Compromise proved to be an obstacle in the way of Pryor’s initial success and a big issue when making his primetime show for NBC. Overt digs were scattered throughout The Richard Pryor Show. The original introduction depicted a beaming Pryor announcing that he would never sell out, as the camera slowly pans out to reveal him butt naked, without genitals, smooth as a ken doll. Naturally NBC refused to air it.

As usual Pryor managed to extract material from the most debasing of personal circumstance. His shotgun wedding to Deborah McGuire while still engaged to Pam Grier is punctuated with an anecdote about the wedding cake mistakenly reading “Congratulations Pam and Richard” obscured by a bunch of flowers.

The film also dips carefully into Pryor’s childhood growing up in a brothel, the family business headed by his matriarchal grandmother who grounded him until her death. His rabid cocaine habit culminating in the notorious freebasing incident in which he set himself on fire, later comparing himself to a human matchstick.

He had people constantly asking themselves “Is it ok to laugh at this?” while choking back tears of laughter. A clip of Pryor before the onset of MS explaining that he wanted to be remembered for bringing joy and that people should laugh at the sight of a photograph of his face brings the film to a moving final halt.

Dealing in vulgarity in all its forms, and obtaining success as a performer representing hugely unrepresented minorities, you’d imagine a creative subject would call for a more creative tribute to their life and work, which is why I was glad that I Am Divine was followed by a screening of Female Trouble, John Water’s 1974 trashy black comedy, starring Divine in all her unabashedly repulsive glory. Overweight and underdressed, Divine (born Harris Glenn Milstead) was possibly the first face of drag.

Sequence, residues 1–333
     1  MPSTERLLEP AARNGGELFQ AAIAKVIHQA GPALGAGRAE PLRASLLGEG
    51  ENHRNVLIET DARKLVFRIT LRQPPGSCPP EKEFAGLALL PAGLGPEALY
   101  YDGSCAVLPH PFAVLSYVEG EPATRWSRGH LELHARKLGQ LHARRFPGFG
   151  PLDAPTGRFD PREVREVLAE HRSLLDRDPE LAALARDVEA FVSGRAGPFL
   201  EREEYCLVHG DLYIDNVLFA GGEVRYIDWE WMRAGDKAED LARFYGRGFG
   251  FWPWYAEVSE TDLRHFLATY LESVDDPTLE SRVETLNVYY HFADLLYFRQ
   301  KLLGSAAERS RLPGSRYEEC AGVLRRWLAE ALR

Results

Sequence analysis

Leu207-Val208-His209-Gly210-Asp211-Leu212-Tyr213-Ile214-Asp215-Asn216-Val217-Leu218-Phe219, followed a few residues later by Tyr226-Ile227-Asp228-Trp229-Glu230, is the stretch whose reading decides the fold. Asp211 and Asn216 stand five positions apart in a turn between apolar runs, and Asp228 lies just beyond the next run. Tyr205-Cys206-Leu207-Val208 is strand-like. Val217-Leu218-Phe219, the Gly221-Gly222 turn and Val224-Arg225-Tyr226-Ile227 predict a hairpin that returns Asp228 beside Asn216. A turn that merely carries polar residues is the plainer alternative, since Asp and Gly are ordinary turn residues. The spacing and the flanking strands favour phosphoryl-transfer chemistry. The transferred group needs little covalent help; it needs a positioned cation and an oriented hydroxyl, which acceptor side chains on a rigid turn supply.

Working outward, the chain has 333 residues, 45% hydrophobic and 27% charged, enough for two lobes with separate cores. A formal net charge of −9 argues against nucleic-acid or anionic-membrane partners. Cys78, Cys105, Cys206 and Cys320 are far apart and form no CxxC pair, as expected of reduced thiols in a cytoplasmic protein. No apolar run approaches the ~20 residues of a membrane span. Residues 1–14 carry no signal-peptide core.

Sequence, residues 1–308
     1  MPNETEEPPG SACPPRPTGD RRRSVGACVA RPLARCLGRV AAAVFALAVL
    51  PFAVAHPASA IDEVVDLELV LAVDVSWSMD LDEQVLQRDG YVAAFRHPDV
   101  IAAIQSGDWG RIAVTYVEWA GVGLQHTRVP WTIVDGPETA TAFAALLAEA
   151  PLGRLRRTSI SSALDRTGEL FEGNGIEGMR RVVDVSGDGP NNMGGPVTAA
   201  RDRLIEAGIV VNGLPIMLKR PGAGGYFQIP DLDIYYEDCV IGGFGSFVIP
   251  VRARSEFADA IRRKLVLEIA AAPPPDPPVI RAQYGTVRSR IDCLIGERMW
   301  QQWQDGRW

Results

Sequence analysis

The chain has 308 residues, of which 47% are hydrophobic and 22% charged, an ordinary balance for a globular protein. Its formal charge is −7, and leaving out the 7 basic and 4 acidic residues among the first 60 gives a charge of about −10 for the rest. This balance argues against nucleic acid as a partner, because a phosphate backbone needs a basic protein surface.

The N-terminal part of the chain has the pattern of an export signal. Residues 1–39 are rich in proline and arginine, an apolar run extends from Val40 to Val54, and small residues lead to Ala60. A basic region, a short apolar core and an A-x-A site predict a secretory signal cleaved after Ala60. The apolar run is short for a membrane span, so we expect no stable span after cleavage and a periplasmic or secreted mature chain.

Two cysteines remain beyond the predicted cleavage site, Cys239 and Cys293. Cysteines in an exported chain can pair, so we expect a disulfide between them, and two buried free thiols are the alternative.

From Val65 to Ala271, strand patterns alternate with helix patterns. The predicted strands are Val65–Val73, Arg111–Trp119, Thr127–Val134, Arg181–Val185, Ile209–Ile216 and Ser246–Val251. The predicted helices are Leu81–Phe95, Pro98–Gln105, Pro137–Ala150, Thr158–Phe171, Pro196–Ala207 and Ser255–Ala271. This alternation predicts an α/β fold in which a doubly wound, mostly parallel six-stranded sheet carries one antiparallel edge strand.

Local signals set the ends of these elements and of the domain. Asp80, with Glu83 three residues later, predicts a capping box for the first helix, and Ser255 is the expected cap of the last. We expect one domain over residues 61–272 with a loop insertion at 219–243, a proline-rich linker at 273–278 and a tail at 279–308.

Divine’s relationship through the camera with John Waters, long-time friend and collaborator, is well documented. Together they were lauded the king and queen of sleaze, creating Pink Flamingos, Mondo Trasho, Female Trouble and the original Hairspray, a camp picture of segregation in the 1960s with a brilliant soundtrack, not to be mistaken with the remake. He’s perhaps most famous for eating a freshly-laid dog shit in Pink Flamingos. At the behest of Waters, cast and crew followed the dog around all day only to be met with the most underwhelming turd ever produced.

Attempts to forgo the character and be himself proved a struggle, as seen with the alternating personal pronouns used throughout the documentary (and this piece). He wanted to be recognised for his versatile acting and not mistaken for her filthy behaviour. “I used to say I’m going to dinner with Divine and people would say, “What’s he gonna do, take a shit on the table?” Sexy, terrifying, revolting and unexpectedly endearing, she’s presented not so much as a vehicle for sexual expression and bad taste, but a monster truck, and a genuinely lovely bloke as well.

NCR: Not Criminally Responsible // The Man Whose Mind Exploded.

One of two documentaries directed by John Kastner relating to mental illness, Not Criminally Responsible follows Sean Clifton, a sufferer of schizophrenia and severe OCD. Previously seen as a harmless eccentric in his local town, Sean inexplicably snaps one day outside a grocery store and stabs a passerby, leading to his detainment for eight years in a mental health rehabilitation centre.